Shawn Saleme is a full time writer for Visual News. Having traveled to over 50 countries, his international escapades continue to influence his writing and perspective. When not in a foreign territory, he makes his home in his native San Francisco Bay Area. Become friends with him on Facebook and invite him to share drinks and stories with you.

The long march of Pop art

Scholarly account of the movement’s enduring influence
By Pac Pobric

Antônio Henrique Amaral's Homenagem ao Século 20/21 (Homage to XX/XXI Centuries), 1967. Courtesy Walker Art Center.

Since the advent of Pop art in the late 1950s, artists have been tasked with contending with its legacy and implications. Scholars and curators are now looking at the movement with a similar sense of urgency.

This month, Yale University Press is due to publish the art historian Thomas Crow’s book The Long March of Pop: Art, Music and Design 1930-95, which examines the place of artists like Andy Warhol and Roy Lichtenstein within the wider web of 20th-century American and international culture. The book surveys Pop art’s long history, placing it in line with American folk art traditions and linking it with later developments like the Los Angeles Punk scene of the 1980s.
The standard narrative is that Pop art faded away at the end of the 1960s, Crow says. “But I don’t think that was the case. The book offers a demonstration that the Pop impulse that came together so vividly in the 1960s was long prepared-for,” he argues. “After that, it migrated into other realms of culture.”
Crow’s book is the latest in a string of contemporary re-examinations of Pop art’s wide-ranging influence. The Seattle Art Museum is currently hosting “Pop Departures” (until 11 January), which pairs historic artists like Warhol with living ones like Josephine Meckseper. Crow’s book also comes out ahead of “International Pop” at the Walker Art Center in Minneapolis (9 April-6 September), which casts a glance at Pop’s development beyond the Western world. But the conversation is not taking place only in the US: the Tate in London recently held retrospectives of Roy Lichtenstein (co-organised with the Art Institute of Chicago in 2013) and Richard Hamilton (in 2014).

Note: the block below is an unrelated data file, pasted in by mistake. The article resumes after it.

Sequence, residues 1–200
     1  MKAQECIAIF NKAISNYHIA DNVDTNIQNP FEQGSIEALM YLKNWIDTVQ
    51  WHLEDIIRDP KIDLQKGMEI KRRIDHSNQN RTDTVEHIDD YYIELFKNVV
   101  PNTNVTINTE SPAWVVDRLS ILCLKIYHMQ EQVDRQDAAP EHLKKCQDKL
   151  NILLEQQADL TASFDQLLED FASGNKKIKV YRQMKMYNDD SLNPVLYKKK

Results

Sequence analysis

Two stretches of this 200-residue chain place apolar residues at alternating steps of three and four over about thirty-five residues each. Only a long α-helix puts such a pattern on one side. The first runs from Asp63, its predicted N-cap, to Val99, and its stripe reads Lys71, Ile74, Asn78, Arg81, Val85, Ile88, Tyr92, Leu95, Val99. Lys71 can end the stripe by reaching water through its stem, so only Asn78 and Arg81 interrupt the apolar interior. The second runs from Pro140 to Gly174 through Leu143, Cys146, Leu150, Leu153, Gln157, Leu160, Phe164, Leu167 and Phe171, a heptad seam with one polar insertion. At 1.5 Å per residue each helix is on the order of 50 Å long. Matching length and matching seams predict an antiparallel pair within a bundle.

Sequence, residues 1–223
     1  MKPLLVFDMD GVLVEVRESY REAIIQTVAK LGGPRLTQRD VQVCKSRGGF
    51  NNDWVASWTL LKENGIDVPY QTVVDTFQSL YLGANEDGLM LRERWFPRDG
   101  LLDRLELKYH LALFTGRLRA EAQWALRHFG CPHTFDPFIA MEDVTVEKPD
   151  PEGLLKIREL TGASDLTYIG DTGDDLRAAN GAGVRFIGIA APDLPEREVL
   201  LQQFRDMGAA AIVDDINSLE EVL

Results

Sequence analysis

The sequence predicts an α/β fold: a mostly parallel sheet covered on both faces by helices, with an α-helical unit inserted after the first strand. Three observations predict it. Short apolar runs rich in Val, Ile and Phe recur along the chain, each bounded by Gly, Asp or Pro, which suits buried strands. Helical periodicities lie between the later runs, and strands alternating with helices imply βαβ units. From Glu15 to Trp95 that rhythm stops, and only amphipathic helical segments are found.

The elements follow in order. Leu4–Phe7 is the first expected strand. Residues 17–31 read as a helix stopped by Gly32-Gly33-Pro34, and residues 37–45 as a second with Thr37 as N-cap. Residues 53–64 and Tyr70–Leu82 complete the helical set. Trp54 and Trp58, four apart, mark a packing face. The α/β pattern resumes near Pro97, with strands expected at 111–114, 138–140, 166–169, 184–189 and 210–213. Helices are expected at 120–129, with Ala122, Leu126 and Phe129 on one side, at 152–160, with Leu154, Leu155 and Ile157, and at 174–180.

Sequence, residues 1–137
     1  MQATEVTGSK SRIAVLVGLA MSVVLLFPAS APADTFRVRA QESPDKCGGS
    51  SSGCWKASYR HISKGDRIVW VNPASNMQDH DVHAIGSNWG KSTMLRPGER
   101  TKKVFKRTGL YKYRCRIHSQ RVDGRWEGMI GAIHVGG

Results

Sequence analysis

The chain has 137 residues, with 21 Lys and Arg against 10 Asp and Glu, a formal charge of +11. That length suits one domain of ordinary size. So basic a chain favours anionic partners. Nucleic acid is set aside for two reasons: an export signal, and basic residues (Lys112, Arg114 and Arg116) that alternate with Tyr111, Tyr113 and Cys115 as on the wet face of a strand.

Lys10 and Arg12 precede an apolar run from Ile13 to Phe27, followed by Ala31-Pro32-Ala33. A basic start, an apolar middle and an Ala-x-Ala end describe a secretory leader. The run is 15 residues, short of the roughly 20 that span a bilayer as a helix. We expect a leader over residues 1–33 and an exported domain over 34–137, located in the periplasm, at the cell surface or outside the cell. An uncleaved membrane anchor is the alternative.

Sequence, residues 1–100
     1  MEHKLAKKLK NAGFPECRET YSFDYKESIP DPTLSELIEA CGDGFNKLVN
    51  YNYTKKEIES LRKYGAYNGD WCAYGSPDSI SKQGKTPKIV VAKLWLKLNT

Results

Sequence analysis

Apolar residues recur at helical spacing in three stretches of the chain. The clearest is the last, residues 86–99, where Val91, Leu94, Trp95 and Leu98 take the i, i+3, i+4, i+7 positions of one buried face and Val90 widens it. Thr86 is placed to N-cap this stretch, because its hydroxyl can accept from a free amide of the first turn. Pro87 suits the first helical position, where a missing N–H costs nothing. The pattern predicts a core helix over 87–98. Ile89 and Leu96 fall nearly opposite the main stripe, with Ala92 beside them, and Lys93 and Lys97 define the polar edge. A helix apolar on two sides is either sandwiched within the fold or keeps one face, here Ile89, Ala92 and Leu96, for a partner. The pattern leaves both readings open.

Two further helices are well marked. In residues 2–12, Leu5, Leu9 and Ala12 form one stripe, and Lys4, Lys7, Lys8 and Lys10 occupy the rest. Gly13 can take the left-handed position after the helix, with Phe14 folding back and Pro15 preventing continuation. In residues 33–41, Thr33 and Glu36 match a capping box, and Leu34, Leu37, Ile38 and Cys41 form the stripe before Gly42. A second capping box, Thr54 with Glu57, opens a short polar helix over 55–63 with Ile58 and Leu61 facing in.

The Whitney Museum of American Art in New York has been a particular hub for shows about Pop and its legacy in the past few years. In 2012, the museum hosted two shows that looked beyond Pop’s glitz and towards its darker implications: “Sinister Pop” and “Dark and Deadpan: Pop in TV and the Movies.” The following year, the Whitney held “Robert Indiana: Beyond Love”, the artist’s first US retrospective, which was followed by the museum’s grand Jeff Koons retrospective in 2014.
Donna de Salvo, the chief curator at the Whitney and co-organiser of “Sinister Pop,” says the renewed scholarly focus on Pop accompanies a reassessment of our own contemporary culture. “In many ways, the multiplicity of images we now see everywhere that are drawn from already-existing imagery was at the heart of Pop,” she says. “So Pop speaks to our current situation. History allows us a way to look at our own time and, in a funny way, Pop gives us a way to focus.”
The art historian Hal Foster, who wrote the book “The First Age of Pop” in 2011, says that in particular, Pop marks changes in the way we understand our identities. “After a certain moment in capitalist society, our status becomes that of homo imago,” he says, referring to the idea that our identity is tied to the way we are represented in images. “People are now a species of image, and this is a historical insight we can grant to Pop, and Warholian Pop in particular,” Foster says. The rise of social media platforms like Facebook and Twitter, which are awash in pictures, speak to Foster’s point.
For Crow, Pop art needs to be understood in its deeper social history in order for it to make sense. “Fine art is not enhanced if you isolate it,” he says. “It becomes diminished if you aren’t looking at cross-fertilisations and feedback loops.” Pop art, perhaps more than any other art movement, invites those parallels, and illustrates their continued relevance. “It is coming to light that Pop has never gone away.”